Hiroyuki Hashimoto-san opened Sushi Hashimoto in December of 2014, after a long apprenticeship under the revered Sugita-san at Miyakozushi in Nihonbashi. Sushi Hashimoto is located in Shintomicho, a relatively quiet area sandwiched between Tsukiji, Ginza and Nihonbashi.
The L-shaped counter comfortably sits eight. I say comfortably, because this is not your typical sushiya with cramped seating - the seats are wide and with comfortable armrests, and there is plenty of space between each seat. Hashimoto-san offers a casual, relaxed environment to his customers, and this is apparent even in the selection of counter seating. Indeed, the mood of the restaurant is decidedly more relaxed than some of the austere high-end sushi shops found in nearby Ginza. No whispered conversations here! Customers have fun, drink a lot of nihonshu, and interact freely with the staff and other customers.
Dinner was off to a great start with fantastic tsumami. Particular highlights: delicate, sweet ikura, really good ankimo, and possibly the best awabi in its own liver sauce I have ever had. As is customary, the chef served some additional rice to soak up the awabi liver sauce remaining on the plate... good thing as I probably would have licked it off the plate otherwise. The very fatty and flavorful iwashi roll with pickled radish, chive, and ginger was also fantastic.
On to the nigiri. Hashimoto's shari (which, in my opinion, is the defining element of sushi) is very good: cooked al-dente, seasoned with a blend of akasu and komesu, and salty enough to pair well with nihonshu. Neta highlights on this night included the amazing kohada (served as the first "showcase" piece, just like at Miyakozushi / Sugita), the wonderful toro, and a very sweet piece of uni (served as nigiri rather than gunkan-maki). Nigiri construction is solid; pieces are on the slightly larger side, and with an even distribution between amount of shari and size of neta. The pieces just feel natural in your mouth, as they should. Hashimoto's nigiri style sits somewhere between the more modern Kanesaka or Kyubey-style school (smaller pieces, milder shari) and more rustic Shimizu-style sushi. I haven't been to Sugita yet, but after trying his pupil's sushi I have to admit that it is now the #1 spot on my "to try" list.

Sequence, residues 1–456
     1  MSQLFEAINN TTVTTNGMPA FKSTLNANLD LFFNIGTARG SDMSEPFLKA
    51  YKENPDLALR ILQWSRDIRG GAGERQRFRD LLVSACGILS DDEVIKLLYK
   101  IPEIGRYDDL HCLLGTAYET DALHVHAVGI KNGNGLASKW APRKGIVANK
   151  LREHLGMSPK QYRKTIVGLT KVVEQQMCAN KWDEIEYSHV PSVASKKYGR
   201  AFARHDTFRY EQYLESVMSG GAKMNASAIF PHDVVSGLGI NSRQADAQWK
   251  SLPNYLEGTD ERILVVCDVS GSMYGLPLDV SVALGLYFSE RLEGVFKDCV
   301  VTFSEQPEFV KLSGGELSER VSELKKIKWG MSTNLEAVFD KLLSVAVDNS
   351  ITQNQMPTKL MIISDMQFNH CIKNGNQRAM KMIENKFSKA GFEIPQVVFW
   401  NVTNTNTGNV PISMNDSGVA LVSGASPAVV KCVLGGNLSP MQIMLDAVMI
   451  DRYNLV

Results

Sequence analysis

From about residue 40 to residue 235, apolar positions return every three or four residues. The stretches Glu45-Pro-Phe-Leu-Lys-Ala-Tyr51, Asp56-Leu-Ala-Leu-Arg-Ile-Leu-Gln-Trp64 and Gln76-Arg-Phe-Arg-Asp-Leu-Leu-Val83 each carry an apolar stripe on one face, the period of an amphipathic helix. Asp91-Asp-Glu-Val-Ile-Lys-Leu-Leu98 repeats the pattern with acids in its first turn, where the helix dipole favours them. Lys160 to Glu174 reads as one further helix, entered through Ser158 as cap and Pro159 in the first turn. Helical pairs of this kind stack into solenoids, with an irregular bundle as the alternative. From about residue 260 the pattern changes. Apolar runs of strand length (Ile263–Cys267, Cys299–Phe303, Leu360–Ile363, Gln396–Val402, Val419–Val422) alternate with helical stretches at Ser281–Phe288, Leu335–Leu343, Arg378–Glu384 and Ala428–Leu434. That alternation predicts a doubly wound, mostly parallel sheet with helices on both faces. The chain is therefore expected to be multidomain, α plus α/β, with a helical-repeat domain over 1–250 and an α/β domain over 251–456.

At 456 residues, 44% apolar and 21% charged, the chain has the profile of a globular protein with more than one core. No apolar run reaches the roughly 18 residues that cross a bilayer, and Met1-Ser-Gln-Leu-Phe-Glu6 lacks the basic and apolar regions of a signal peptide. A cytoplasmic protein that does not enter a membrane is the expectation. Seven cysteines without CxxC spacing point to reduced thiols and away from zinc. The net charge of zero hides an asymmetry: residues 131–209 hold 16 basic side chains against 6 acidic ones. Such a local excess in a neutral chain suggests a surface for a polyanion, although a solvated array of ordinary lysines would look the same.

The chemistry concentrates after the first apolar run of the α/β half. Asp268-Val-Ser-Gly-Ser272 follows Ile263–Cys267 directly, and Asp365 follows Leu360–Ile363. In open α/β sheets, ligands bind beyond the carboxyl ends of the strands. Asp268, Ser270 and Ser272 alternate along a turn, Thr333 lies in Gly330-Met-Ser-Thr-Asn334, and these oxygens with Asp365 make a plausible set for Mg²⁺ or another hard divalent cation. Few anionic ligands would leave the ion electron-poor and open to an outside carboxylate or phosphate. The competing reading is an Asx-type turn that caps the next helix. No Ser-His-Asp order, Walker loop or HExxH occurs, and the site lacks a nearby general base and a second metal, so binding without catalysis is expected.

Hashimoto is one of those shops that isn't on most foreigner's radars, but it is extremely popular with Tokyo sushi aficionados and is therefore quite difficult to book. A perseverant hotel concierge might be able to score a reservation (having flexible dates will help) and the paid booking service Pocket Concierge is apparently also able to occasionally secure bookings. Link below.
My meal came to a very reasonable ¥22,400 (just over $200 USD) including a lot of sake (possibly too much!), service fee, and tax. I most definitely look forward to returning to this great shop in the future.
Below you will find photos of most (but not all) courses served the night of my visit. I was socializing with a friend that evening and so forgot to take a few photos, my apologies.
1-15-11 Shintomi Chuo Tokyo